Welcome to Pesky Products!
This is a small (18 mm x 15 mm) board with Espressif's ESP8285 SoC with Tensilica's Xtensa 32-bit, 80 MHz low-power processor and an integrated wifi engine (integrated TCP/IP stack) that is designed to mount directly onto the Teensy 3.2 and use the Teensy UART Serial2 port to provide wireless communication to any Teensy-based project.
I redesigned the board to make use of the ESP8285, which is the same as the ESP8266 but has 1 MByte of SPI flash embedded in the package. This makes it easier to assemble and offers all of the same capability as the previous ESP8266 + external SPI flash version.
I designed this board without an LDO voltage regulator since Teensy 3.2 already has enough current to support operation of this device. It won't work on Teensy 3.1 since to start wifi operations requires current of >200 mA during transmission. 3V3, GND, RX2 and TX2 line up with the corresponding pins at the non-USB end of the Teensy 3.2; this way the board may be mounted directly onto the Teensy 3.2 for the most compact package.
Of course, you can also use this on a breadboard and connect it to any microcontroller, but there are many cheaper alternatives for the ESP8266. It's true, these alternatives tend to be large and not the appallingly small size of this ESP8285 board. Even though this board is designed as a Teensy 3.2 add-on you still might find it useful off the Teensy if space is at a premium and your project can benefit from a very small-sized wifi solution. I have broken out all of the GPIO pins of the ESP8285 except the ADC and RTC_OUT (not sure what this does). As a standalone board, this means you can have a UART port and an I2C port (I use GPIO 0 and 2 since they already have 4K7 pullups) and still have seven GPIOs left over which can be used to access PWM, SPI, or even an I2S peripheral. There's a lot of versatility available on this very small board! You will need an external power source able to supply 3V3 to the board with at least 300 mA.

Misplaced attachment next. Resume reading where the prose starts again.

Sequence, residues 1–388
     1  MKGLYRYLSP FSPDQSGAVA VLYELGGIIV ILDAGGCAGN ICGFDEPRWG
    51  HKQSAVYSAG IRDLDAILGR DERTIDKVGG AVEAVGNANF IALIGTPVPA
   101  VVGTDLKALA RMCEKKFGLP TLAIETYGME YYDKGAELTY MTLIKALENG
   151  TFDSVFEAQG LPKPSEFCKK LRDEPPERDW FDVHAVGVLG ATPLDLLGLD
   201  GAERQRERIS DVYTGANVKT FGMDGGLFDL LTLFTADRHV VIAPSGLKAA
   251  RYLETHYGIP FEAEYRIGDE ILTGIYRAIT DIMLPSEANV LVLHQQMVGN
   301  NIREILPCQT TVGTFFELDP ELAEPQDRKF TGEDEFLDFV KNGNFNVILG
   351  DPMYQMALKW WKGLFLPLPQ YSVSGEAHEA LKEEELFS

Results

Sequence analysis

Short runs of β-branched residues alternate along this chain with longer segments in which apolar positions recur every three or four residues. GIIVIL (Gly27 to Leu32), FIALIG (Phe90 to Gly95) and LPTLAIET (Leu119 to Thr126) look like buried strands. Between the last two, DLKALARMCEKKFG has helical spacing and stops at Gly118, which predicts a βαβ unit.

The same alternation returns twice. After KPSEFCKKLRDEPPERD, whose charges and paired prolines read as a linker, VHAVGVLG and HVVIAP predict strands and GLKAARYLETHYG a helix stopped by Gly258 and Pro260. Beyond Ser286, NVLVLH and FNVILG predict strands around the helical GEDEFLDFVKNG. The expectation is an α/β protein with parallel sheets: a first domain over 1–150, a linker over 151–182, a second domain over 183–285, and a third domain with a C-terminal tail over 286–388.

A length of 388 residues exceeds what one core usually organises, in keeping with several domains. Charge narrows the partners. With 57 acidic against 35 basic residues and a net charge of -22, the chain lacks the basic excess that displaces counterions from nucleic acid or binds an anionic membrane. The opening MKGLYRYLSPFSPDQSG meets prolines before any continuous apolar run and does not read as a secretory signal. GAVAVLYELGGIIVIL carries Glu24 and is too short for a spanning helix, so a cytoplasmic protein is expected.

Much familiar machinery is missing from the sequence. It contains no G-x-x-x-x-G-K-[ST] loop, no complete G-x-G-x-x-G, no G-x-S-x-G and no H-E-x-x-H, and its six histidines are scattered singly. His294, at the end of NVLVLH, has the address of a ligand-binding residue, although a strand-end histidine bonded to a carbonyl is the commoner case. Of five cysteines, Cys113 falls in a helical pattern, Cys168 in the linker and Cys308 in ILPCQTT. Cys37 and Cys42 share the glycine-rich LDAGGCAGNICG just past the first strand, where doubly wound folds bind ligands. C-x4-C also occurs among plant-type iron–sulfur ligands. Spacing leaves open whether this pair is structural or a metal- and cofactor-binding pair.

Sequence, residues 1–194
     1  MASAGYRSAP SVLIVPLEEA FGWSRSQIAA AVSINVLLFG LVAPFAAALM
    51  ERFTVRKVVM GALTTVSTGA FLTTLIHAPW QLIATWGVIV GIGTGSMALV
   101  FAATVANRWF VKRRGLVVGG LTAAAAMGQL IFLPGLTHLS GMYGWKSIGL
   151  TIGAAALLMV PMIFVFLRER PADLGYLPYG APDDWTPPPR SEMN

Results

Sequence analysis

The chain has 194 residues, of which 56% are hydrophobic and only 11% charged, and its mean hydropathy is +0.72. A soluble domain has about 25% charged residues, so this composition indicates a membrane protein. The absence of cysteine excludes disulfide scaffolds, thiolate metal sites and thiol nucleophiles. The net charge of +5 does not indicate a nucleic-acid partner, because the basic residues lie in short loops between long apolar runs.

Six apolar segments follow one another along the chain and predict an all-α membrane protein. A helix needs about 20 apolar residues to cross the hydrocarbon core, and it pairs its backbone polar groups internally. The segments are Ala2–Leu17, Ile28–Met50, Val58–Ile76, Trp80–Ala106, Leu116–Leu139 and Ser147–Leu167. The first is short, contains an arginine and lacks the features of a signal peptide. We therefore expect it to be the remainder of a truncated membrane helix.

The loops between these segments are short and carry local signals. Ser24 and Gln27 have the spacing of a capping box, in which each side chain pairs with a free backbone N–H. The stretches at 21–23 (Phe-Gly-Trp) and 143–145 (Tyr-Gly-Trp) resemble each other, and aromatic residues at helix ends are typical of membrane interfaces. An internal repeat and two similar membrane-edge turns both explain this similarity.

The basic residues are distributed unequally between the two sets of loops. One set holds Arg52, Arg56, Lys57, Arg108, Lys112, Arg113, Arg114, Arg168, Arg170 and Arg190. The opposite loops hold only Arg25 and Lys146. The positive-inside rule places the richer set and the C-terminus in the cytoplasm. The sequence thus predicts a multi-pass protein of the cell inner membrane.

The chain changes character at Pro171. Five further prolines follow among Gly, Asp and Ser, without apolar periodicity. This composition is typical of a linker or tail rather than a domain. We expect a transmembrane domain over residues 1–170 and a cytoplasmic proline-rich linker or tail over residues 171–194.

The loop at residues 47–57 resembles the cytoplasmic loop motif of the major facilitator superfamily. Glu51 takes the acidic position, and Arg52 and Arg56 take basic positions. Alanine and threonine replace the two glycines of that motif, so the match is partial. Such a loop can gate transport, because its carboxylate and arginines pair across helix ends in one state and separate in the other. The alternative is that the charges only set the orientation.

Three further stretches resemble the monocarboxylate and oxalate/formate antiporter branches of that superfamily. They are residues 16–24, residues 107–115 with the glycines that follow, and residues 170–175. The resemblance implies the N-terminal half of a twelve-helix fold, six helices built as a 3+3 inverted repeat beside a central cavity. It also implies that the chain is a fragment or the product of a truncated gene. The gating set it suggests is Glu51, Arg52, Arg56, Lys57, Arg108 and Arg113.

There are lots of ways to make use of the ESP8285 add-on, but two basic modes when attached to the Teensy 3.2:
You can load Espressif's latest firmware which supports the AT protocol so that AT commands entered on the Serial monitor are sent to the Teensy 3.2, relayed to the ESP8285 add-on via Serial2 and the response sent back. There is a simple Teensy sketch that enables this once the Espressif firmware is loaded onto the ESP8285 that can be found here.
There is also a nice Arduino core written for the ESP8266 allowing the Arduino IDE to be used to program the ESP8285 add-on. I have a repository of Arduino sketches showing how to use the ESP8285 as a stand-alone microcontroller. You can get some idea how to configure the add-on for other more interesting uses in concert with the Teensy. There is a sketch showing how to use the ESP8285 to manage sensors and read their data. The data is then sent to both the serial monitor and a web server where it can be displayed on the local network. This is a bare bones example of how to use the ESP8285 as a microcontroller to manage sensors and as a wifi server. The full capability of the ESP8266 Arduino IDE is discussed here. The ESP8285 is a remarkably versatile device by itself; it is even more useful when combined with a Teensy 3.2.
There is a nice example by Greg Tomasch of using an Arduino sketch to create an ESP8285 wifi bridge between a host MCU (in this case the STM32L4 but the sketch can be easily modified for the Teensy 3.2) and another ESP8285 used as a laptop dongle. This allows data read by the Teensy 3.2 to be sent to your laptop with very little fuss.